10) Remembrance Day in Canada falls on November 11. November 11 was the last day of which war?
11) In what year were all Canadian women eligible to vote in federal elections?
12) Many of the early settlers of what is now New Brunswick and Nova Scotia spoke French and were resettled by the British government. What are those people and their descendants called? 13) The members of which ethnic group were once forced to pay a head tax to immigrate to Canada?
14) Name one of the wars in which Canada was invaded by the United States.
15) What is the name of the Metis leader who was hanged by the federal government in 1885? 16) What economic issue between the US and Canada dominated the Canadian Federal elections of 1891, 1911 and 1988?
17) What American war helped convince Canadians and their leaders to unite and form a federation in the north?
18) What name is commonly used to refer to the British subjects who fled to Canada during and after the American Revolution?
19) Name two countries Canada fought against during World War I?
20) What term is commonly used to refer to early French fur traders in Canada?
21) Name the Canadian who received the Noble Prize for Peace in 1957 for his efforts to peacefully resolve the Suez Crisis and then went on to become Prime Minister.
22) What is the name commonly given to the political and social movement that swept Quebec in the beginning of the 1960's?
23) Who was the first Canadian in space?
24) What year was Canada's constitution patriated from Great Britain?
25) Name a Canadian who received the Noble Prize for the discovery of insulin?
26) What is the name of the native people of Newfoundland who were hunted to extinction by Europeans?

Answers:

1) England
2) Wilfred Laurier
3) The Great Depression
4) Louis-Joseph Papineau
5) The Underground Railway
6) The Japanese
7) Halifax
8) Newfoundland
9) Invasion of Europe/ France/ Normandy
10) World War I
11) 1921
12) Acadians
13) Chinese Canadians
14) War of 1812/Revolutionary/War of Independence
15) Louis Riel
16) Free Trade
17) The Civil War
18) Loyalists /United Empire Loyalists
19) Germany/Austria/Austro-Hungarian/Turkey
20) Voyageurs/Coureurs des bois
21) Lester B. Pearson
22) The Quiet Revolution
23) Marc Garneau
24) 1982
25) Banting/MacCloud/Collip
26) Beothuks

What really ended the Great Depression?

Written by: Burton W. Folsom

What finally ended the Great Depression? That question may be the most important in economic history. If we can answer it, we can better grasp what perpetuates economic stagnation and what cures it.

The Great Depression was the worst economic crisis in U.S. history. From 1931 to 1940 unemployment was always in double digits. In April 1939, almost ten years after the crisis began, more than one in five Americans still could not find work.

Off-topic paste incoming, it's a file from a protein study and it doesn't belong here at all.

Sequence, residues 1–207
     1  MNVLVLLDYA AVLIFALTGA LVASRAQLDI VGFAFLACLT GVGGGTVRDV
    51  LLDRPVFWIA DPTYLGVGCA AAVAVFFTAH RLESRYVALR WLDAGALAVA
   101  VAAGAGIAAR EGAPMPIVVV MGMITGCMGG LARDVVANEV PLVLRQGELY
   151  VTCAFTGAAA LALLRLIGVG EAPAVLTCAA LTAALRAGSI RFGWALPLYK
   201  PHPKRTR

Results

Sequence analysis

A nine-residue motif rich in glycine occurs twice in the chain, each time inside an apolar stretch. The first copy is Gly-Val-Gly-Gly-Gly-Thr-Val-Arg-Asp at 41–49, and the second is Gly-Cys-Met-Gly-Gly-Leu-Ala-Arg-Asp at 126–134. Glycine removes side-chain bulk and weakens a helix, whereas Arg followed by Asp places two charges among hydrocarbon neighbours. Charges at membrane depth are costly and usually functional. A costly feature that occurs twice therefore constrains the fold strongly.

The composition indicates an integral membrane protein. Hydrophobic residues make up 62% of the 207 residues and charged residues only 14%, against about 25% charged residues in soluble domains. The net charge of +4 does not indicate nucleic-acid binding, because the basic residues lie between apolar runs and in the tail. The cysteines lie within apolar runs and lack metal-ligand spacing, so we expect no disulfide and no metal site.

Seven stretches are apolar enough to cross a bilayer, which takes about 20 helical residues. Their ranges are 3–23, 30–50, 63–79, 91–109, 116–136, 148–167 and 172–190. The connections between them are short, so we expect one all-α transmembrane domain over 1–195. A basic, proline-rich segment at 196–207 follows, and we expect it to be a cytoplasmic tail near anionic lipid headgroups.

On the surface World War II seems to mark the end of the Great Depression. During the war more than 12 million Americans were sent into the military, and a similar number toiled in defense-related jobs. Those war jobs seemingly took care of the 17 million unemployed in 1939. Most historians have therefore cited the massive spending during wartime as the event that ended the Great Depression.

Some economists—especially Robert Higgs—have wisely challenged that conclusion. Let’s be blunt. If the recipe for economic recovery is putting tens of millions of people in defense plants or military marches, then having them make or drop bombs on our enemies overseas, the value of world peace is called into question. In truth, building tanks and feeding soldiers—necessary as it was to winning the war—became a crushing financial burden. We merely traded debt for unemployment. The expense of funding World War II hiked the national debt from $49 billion in 1941 to almost $260 billion in 1945. In other words, the war had only postponed the issue of recovery.

Even President Roosevelt and his New Dealers sensed that war spending was not the ultimate solution; they feared that the Great Depression—with more unemployment than ever—would resume after Hitler and Hirohito surrendered. Yet FDR’s team was blindly wedded to the federal spending that (as I argue in New Deal or Raw Deal?) had perpetuated the Great Depression during the 1930s.

FDR had halted many of his New Deal programs during the war—and he allowed Congress to kill the WPA, the CCC, the NYA, and others—because winning the war came first. In 1944, however, as it became apparent that the Allies would prevail, he and his New Dealers prepared the country for his New Deal revival by promising a second bill of rights. Included in the President’s package of new entitlements was the right to “adequate medical care,” a “decent home,” and a “useful and remunerative job.” These rights (unlike free speech and freedom of religion) imposed obligations on other Americans to pay taxes for eyeglasses, “decent” houses, and “useful” jobs, but FDR believed his second bill of rights was an advance in thinking from what the Founders had conceived.

Roosevelt’s death in the last year of the war prevented him from unveiling his New Deal revival. But President Harry Truman was on board for most of the new reforms. In the months after the end of the war Truman gave major speeches showcasing a full employment bill—with jobs and spending to be triggered if people failed to find work in the private sector. He also endorsed a national health care program and a federal housing program.

But 1946 was very different from 1933. In 1933 large Democratic majorities in Congress and public support gave FDR his New Deal, but stagnation and unemployment persisted. By contrast, Truman had only a small Democratic majority—and no majority at all if you subtract the more conservative southern Democrats. Plus, the failure of FDR’s New Deal left fewer Americans cheering for an encore.

For the rest go to the source